Book reviews — Old Testament Ethics: A Paradigmatic Approach by Waldemar Janzen

Klein, Ralph W

WALDEMAR JANZEN, Old Testament Ethics: A Paradigmatic Approach (Louisville: Westminster/John Knox, 1994). Pp.


+ 236. Paper $19.99.

Janzen, a Canadian Mennonite, wants to help Christians gain a firmer hold on the ethical components of their canonical story so that this story may become more effective in shaping individual and communal Christian life. His approach to the text is synchronic and canonical. He moves beyond principle and law to paradigm, which he defines as a model that imprints itself immediately and nonconceptually on the characters and actions of those who hold it. His narrative-canonical approach assumes that the story itself, extending through both Testaments, is the ethic. He offers a modern analogy: a composite paradigm of the “good driver” produces good drivers; the reading of legislation concerning traffic on the highways does not.

The central paradigm (illustrated by Abraham in Genesis 13) is familial, but there are four other supporting paradigms, namely, priestly (Numbers 25), sapiential (1 Samuel 25), royal (1 Samuel 24), and prophetic (1 Kings 21). For each of these realms a certain virtue was appropriate, such as promotion of harmony (familial), zeal for holiness (priestly), and quest for justice (royal). J. searches Israel’s stories in order to discover their inner image of a loyal family member, a dedicated worshiper, a wise manager of daily life, a just ruler, and an obedient proclaimer of the prophetic word. Key facets of the familial paradigm are life (existence in community structured along family lines), land (a promise of home and security), and hospitality (openness to the welfare of others and responsibility for it). The function of the prophets was to exhort the leaders in the other realms to live in keeping with the paradigms they represented.

Abraham’s selfless act to maintain family harmony with Lot mirrors God’s own goal of blessing all the families of the earth (“family” seems to be used in two senses here). God constitutes the ultimate paradigm of an upholder and restorer of a family’s salom. Other familial paradigms appear in Ruth and in Judges 19. In the latter case, J. finds positive examples in the hospitality of the father of the Levite’s concubine and in the old man in Gibeah. The men of Gibeah obviously provide a negative example. J.’s revisionist exegesis of this chapter is less convincing when he compliments the old man of Gibeah for offering his virgin daughter–no sacrifice is too high for a host in behalf of his guest.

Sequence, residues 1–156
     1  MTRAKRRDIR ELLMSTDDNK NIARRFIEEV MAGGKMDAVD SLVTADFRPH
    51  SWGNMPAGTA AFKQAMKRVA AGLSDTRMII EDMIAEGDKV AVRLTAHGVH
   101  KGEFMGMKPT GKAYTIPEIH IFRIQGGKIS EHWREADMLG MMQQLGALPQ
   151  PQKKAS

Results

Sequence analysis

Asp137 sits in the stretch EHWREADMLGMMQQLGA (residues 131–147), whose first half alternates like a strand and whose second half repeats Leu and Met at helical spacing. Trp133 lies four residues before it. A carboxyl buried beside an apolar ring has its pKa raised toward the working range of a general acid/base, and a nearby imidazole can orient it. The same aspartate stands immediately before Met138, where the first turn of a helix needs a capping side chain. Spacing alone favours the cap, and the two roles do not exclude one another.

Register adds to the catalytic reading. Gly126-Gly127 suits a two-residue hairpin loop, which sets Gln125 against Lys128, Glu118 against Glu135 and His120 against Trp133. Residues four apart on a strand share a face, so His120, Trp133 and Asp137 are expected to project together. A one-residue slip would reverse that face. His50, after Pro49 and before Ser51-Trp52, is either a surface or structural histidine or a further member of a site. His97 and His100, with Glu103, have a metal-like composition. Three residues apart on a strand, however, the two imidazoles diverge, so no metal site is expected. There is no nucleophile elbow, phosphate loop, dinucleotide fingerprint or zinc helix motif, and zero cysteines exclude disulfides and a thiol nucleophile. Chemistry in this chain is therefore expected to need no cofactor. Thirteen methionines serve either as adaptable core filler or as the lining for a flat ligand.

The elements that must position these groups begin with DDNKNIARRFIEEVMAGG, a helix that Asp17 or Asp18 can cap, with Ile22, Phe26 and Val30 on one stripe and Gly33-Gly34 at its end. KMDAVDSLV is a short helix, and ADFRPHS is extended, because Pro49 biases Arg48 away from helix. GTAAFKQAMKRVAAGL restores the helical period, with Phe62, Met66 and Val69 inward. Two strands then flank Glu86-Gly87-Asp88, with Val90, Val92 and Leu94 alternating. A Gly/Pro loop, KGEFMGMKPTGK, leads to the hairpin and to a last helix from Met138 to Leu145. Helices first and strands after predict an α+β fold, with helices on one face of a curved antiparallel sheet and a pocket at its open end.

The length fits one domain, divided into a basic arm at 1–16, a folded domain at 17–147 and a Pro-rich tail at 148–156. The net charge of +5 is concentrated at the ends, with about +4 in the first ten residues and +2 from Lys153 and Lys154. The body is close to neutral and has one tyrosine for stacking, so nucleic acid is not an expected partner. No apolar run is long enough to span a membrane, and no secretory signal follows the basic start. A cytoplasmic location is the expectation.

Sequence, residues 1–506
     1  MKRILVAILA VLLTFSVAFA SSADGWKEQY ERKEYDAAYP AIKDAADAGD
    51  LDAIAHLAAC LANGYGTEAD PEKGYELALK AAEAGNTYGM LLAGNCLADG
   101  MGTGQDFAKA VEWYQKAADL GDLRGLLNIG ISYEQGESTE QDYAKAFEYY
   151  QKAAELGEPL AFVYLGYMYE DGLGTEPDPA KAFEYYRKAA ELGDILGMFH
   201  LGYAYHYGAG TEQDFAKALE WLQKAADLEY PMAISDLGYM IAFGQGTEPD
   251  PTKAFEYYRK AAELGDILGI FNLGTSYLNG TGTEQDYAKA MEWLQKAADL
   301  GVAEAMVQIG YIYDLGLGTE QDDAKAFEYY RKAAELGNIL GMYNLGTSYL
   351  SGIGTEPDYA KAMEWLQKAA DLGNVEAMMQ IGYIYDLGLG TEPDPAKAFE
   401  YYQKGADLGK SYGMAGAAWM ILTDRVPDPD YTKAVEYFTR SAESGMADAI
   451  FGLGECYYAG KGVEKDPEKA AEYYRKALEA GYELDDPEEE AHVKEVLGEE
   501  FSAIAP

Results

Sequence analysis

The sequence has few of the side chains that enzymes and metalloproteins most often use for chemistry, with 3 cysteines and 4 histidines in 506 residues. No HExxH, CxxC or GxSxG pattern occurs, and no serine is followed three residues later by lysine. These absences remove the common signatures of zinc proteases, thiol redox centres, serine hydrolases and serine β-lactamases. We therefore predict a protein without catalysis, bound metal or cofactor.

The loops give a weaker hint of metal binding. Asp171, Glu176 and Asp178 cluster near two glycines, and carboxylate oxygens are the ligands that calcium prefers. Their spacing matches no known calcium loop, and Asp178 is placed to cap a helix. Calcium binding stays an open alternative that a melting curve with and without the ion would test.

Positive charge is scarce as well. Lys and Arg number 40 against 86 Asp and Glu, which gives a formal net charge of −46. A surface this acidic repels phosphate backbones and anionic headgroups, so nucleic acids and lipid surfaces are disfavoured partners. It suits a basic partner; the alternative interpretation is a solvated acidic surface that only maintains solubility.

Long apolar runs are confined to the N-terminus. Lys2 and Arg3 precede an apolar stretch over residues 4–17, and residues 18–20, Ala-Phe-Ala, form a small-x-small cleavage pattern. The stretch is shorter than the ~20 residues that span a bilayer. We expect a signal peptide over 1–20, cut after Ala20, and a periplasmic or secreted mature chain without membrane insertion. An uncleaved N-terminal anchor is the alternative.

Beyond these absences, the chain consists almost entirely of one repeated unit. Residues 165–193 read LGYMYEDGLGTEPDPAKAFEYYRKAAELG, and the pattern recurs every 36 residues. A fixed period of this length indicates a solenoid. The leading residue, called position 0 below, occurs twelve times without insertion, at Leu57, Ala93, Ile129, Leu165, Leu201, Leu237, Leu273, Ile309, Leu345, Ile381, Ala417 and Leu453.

Throughout, J. argues for the primacy of story over law. He rejects the usefulness of principles (self-interpreting abstractions) and considers laws (a subcategory of principles) to be shorthand formulations of ethical values and imperatives emerging from Israel’s story. The real authority of laws lies in our acceptance of the story that defines them. Between a principle, such as loving one’s neighbor, and implementation of this principle in modern situations stands the middle level of ethical imagination. Jesus’ telling of the story of the good Samaritan answers our quest for a concrete image of neighbor. The OT’s law codes are embedded in Israel’s story of her faith and are interpreted by the framework of meaning inherent in that story. The legal traditions promote and safeguard the life modeled in the familial paradigm.

Since the book is explicitly Christian in orientation throughout, in the final chapter J. looks at Jesus as priest, sage, king, and prophet. Jesus proclaims and embodies the kingdom of God as the chief ethical paradigm for his followers. When Jesus models the new life characteristic of the kingdom, these modes of modeling become a part of the message, not only a way to it.

Janzen distinguishes himself from a number of other ethicists (Birch, Brunner, Kaiser, Patrick, Yoder) and ethical systems, and he makes a powerful case for his paradigmatic approach. It is less clear to me, however, that the preservation of the salom of the family must be the center of an OT ethic (why does Genesis 13 not strike most readers as central to the story, much as I like his proposal that the first task of ethical living is trusting acceptance of God’s hospitality.

Ralph Klein, Lutheran School of Theology at Chicago, Chicago, IL 60615

Copyright Catholic Biblical Association of America Oct 1995

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